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At the time, we stopped working on the idea because there were too many competitors who had VC backing, paying customers, and were in incubators. We went to work on fleshing out the high-level details of KnowNet before Ari suggested that we conduct a SWOT (Strengths, Weaknesses, Opportunities, and Threats) analysis, something he picked up through his university course Management for English Schools course. We spent about two hours identifying threats and we found a handful of very impressive platforms that more or less did what we had come up with. Needless to say, we were quite deflated at having our idea shot down so quickly, but in hindsight, we realized it was a very safe form of failure.
We also realized later after our work with Ridj-it that it was OK if there was another business out there that has already taken our idea; in a world of 7.5 billion people, this notion should not be a surprise. Implementation, marketing, tailoring your product to bring repeating enthusiastic customers, and a bit of luck are all rather important, and a budding entrepreneur should consider those factors too and not solely whether a similar product is already available. What also prevented us from moving forward, while we wouldn’t necessarily understand it four years ago, was our lack of experience and skillsets in tech at that point plus the lack of funds.
I think we were trying to bite off more than we can chew without fully appreciating the type of effort and know-how that was required for running a startup. We simply did not have the skillsets at the time to bring the idea to a product, and we also did not have the funds or resources to obtain that type of help; the SWOT analysis saved us from learning this the hard way. With Ridj-it, we found that having access to money and being good at managing money, having work experience, and ability to pick up skills as needed were important predictors of success. Our mistake, apart from trying to competing with established competitors, was not being prepared enough to manage a start-up.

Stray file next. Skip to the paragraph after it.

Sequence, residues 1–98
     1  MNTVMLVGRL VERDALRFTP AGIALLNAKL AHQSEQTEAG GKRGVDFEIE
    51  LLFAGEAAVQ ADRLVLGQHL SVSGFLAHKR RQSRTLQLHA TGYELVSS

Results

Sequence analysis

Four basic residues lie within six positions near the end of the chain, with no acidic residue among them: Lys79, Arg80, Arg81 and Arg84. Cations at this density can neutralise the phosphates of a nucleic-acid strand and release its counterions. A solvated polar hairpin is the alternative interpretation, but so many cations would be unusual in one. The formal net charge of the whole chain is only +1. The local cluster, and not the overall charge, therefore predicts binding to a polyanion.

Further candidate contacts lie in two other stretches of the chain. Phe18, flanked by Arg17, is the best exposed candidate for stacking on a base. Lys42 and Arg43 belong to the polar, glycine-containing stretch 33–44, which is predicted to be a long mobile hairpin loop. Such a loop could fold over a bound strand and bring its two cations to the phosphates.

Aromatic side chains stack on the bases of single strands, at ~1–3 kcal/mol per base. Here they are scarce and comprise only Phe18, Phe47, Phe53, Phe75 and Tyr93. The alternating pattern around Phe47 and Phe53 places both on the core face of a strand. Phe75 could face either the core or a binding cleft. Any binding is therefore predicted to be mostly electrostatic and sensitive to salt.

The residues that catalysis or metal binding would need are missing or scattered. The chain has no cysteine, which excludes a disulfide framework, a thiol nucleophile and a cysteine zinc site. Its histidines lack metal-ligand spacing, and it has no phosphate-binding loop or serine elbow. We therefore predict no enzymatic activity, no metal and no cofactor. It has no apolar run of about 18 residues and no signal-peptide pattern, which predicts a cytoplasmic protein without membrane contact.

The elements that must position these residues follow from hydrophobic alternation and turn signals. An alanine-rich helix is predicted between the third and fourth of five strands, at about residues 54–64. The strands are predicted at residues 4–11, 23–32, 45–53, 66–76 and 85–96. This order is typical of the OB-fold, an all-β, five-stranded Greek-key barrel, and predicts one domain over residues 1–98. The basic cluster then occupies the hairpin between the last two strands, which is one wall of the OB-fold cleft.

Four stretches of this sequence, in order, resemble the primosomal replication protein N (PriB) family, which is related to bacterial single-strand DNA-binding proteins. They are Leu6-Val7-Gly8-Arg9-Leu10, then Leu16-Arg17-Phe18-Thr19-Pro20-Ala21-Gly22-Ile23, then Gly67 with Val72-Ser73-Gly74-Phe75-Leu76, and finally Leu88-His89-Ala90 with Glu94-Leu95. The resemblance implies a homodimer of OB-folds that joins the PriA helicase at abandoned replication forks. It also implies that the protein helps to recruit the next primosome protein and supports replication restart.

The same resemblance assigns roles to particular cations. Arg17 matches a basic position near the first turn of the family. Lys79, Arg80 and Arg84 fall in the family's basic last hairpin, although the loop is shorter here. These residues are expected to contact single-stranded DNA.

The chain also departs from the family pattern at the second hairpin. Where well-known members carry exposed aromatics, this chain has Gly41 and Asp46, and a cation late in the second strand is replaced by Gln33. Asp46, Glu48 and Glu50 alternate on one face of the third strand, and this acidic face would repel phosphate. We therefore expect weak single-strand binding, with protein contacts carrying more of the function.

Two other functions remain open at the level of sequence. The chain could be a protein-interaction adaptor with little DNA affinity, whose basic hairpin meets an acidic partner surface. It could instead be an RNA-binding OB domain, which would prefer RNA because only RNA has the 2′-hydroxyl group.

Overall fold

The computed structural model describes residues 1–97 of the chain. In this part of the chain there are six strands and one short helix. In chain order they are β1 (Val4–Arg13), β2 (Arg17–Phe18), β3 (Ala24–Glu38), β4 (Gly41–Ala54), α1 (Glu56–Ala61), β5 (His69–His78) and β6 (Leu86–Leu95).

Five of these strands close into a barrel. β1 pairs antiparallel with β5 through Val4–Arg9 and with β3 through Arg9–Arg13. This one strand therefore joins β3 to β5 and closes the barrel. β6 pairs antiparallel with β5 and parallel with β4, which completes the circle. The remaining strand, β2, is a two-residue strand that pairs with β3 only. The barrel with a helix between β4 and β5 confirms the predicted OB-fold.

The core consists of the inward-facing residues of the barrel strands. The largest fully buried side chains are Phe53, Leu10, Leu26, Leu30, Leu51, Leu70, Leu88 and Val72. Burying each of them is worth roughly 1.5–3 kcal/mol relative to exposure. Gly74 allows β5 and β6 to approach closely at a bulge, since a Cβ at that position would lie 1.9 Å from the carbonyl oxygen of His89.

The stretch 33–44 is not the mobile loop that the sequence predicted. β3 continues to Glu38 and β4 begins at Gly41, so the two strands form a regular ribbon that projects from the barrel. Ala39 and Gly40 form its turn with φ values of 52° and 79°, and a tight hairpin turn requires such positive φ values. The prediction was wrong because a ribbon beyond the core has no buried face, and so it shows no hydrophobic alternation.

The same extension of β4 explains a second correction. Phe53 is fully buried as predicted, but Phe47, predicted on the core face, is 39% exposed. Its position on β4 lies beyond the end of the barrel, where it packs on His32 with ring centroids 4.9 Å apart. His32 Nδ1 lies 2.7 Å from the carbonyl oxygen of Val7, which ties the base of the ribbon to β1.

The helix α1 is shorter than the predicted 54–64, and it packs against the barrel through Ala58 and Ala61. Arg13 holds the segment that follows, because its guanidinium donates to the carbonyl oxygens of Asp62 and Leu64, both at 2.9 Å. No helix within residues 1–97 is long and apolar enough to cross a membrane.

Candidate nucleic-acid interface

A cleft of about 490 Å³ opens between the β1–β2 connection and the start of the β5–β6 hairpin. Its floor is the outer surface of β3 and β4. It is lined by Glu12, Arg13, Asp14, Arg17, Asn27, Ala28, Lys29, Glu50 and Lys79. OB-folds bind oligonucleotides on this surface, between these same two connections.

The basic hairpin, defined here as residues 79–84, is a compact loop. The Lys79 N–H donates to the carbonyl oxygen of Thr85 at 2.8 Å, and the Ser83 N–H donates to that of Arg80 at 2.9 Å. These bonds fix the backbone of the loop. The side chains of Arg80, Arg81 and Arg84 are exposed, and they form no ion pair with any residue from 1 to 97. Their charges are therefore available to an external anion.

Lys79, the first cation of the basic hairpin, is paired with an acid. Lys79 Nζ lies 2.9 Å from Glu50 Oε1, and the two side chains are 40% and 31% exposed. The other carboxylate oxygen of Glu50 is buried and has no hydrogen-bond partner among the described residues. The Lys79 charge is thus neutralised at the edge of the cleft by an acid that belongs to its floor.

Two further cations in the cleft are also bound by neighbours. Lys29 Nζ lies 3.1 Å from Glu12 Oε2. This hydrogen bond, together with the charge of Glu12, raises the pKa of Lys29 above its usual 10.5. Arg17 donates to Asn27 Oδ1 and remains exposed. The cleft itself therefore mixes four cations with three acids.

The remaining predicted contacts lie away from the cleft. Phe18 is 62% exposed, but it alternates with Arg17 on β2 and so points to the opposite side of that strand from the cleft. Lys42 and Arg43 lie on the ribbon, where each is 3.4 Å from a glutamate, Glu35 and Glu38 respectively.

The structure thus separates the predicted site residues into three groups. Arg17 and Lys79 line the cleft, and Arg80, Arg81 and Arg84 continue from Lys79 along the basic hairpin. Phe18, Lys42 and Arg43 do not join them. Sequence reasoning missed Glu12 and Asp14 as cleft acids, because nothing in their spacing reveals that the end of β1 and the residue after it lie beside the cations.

The two biggest disadvantages for us were: 1) not having the proper skillsets or maturity to implement and run KnowNet, 2) several big competitors.
No. This was a necessary fail for us. It was a learning experience and it was humbling.
I have 3 pieces of advice:
I’d say The Lean Startup by Eric Ries. He provides intricate details of his experience working on various startups, and drew lessons upon his failures. Another source is Marketing Outrageously by Jon Spoelstra, which is a bit gimmicky but has fairly good points about how conservative marketing isn’t a good fit for new companies.
Please take a look at our current work on Ridj-it!